2. Practising Transpositions
The first step in familiarising yourself with transposition is to memorise the pitch names of the various transposing instruments. For the conductor it is essential that these become second nature, including the correct octave in which the instrument plays. If the octave is incorrect, then the transposition is incorrect. For instance, even though all stringed instruments sound at concert pitch, string bass sounds one octave lower than written. This is the same for contrabassoon, while piccolo sounds an octave higher. These octave differences must be recognised and analysed correctly.
Regarding brass instruments, the trumpets normally used in today’s wind orchestras are in B-flat while in the orchestra, the trumpet is often pitched in C, which makes it a non-transposing instrument. Occasionally trumpets in D, E-flat, or F are required. All of these sound higher than written. Trombones, euphoniums, and tubas of various pitches, all sound as written except in some wind band traditions and in the brass band tradition where all instruments, except the bass trombone, are notated in treble clef. Sometimes, particularly in older scores, French horn parts may be notated in the bass clef, in which case they normally transpose using the inversion of the interval of the treble clef.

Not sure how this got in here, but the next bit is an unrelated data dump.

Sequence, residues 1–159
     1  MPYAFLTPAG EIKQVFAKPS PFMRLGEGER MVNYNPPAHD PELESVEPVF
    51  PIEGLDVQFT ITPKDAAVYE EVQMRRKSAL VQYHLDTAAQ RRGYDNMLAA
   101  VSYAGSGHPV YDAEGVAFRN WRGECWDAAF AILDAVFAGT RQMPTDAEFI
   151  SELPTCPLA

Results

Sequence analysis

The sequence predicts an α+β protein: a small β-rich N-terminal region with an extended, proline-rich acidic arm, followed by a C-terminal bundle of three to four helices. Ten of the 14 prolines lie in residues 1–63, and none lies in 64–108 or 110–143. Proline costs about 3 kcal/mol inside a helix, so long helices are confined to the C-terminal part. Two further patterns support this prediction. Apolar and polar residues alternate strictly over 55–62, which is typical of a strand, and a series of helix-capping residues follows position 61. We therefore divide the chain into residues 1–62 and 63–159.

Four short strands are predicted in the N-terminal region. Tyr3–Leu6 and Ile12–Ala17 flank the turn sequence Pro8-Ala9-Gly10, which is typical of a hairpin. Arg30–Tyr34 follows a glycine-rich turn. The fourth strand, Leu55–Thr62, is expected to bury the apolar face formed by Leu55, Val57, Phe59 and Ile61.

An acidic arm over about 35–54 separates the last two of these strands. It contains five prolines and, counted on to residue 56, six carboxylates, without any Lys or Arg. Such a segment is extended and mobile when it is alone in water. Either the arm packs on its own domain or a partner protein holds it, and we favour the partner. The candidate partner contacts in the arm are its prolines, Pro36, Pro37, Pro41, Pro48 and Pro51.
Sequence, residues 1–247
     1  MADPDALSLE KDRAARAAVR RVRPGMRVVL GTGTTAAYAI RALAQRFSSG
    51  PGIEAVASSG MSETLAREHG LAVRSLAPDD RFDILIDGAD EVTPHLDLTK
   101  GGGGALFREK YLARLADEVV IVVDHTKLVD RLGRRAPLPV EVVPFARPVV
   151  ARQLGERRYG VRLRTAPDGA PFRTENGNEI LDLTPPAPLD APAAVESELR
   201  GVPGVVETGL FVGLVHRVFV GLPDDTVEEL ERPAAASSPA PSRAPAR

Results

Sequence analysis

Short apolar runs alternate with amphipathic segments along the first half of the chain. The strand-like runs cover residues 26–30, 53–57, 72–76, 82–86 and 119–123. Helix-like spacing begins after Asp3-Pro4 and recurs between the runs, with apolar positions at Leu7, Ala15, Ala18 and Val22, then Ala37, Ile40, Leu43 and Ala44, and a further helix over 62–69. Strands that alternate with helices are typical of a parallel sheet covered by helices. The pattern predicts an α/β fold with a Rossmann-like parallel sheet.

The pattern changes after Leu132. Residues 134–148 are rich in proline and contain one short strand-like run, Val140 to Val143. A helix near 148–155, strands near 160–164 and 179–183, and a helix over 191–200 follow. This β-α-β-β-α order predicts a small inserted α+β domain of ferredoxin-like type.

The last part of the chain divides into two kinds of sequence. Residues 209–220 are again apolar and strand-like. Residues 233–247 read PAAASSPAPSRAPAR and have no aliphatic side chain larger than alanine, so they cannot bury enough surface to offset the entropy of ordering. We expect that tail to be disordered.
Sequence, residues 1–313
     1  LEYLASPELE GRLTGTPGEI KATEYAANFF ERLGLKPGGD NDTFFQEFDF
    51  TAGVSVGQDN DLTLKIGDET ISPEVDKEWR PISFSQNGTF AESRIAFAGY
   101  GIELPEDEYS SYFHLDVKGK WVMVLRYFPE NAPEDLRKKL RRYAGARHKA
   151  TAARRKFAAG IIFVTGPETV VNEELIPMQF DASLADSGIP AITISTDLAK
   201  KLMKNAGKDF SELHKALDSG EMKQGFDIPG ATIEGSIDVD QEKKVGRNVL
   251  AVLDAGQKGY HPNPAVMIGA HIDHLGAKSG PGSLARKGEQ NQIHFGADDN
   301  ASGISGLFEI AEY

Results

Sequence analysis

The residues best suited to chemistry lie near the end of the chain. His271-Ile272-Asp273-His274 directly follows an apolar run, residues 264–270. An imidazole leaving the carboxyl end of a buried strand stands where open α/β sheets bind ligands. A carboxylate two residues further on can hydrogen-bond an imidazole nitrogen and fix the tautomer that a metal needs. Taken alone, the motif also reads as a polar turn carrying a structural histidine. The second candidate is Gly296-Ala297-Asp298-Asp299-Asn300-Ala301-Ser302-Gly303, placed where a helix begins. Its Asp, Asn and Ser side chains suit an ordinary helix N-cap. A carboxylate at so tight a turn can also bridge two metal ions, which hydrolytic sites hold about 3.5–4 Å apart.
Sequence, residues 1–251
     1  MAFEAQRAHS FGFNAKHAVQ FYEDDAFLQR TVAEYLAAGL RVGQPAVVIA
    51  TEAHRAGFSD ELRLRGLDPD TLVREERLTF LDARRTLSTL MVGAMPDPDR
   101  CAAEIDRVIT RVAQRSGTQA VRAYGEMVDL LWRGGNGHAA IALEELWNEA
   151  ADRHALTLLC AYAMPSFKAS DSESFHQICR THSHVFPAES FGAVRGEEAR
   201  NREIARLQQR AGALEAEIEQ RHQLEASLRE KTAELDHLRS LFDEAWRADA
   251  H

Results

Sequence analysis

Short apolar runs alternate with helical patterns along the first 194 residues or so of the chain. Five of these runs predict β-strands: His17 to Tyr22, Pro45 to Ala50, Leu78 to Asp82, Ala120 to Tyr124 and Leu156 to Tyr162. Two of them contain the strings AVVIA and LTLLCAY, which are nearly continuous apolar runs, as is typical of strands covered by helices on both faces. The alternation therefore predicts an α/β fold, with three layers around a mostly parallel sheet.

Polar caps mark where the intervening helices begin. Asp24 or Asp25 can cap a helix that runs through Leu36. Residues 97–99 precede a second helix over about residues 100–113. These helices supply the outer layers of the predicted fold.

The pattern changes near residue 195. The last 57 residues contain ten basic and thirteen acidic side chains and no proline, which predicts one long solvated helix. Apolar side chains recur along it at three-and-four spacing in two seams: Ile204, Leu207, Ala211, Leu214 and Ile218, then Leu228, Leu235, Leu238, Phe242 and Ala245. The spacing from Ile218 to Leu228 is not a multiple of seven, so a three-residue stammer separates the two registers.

If you have never played a transposing instrument, one of the best ways of understanding the issues involved is to play passages, transposing them at sight. A list of common transposing instruments can be downloaded (listed in tab “Download transpositions”). The only instrument missing from the table is the Alto flute in G which sounds down a perfect fourth. In the past, composers used many transposing trumpets and horns in order to suit the tonality of the piece. A more complete table of these transpositions can be downloaded from the next tab.
(Spend around an hour on this activity and revisit it if you need to develop your skills)
Here is a theme written at concert pitch. Transpose it for every instrument on the table, either by playing at sight, or if you get stuck, but writing it out, remembering to add the correct key signature. If you are new to transposing, you may want to only attempt the first few notes. If you have more experience, try to do the whole phrase. To make it even more challenging, try to mentally hear it in each transposition and then test yourself against a piano.
It is helpful to understand the tonal structure of the melody to be transposed.
- Check for outlined chords
- Check for scale patterns
- The start of this passage uses chords I-vii (or V7 without its root note) resolving to a B flat major ascending to the 6th degree. This can easily be thought out in any key.
To help you get started, here it is as you will find it in the score, written for clarinet in B flat.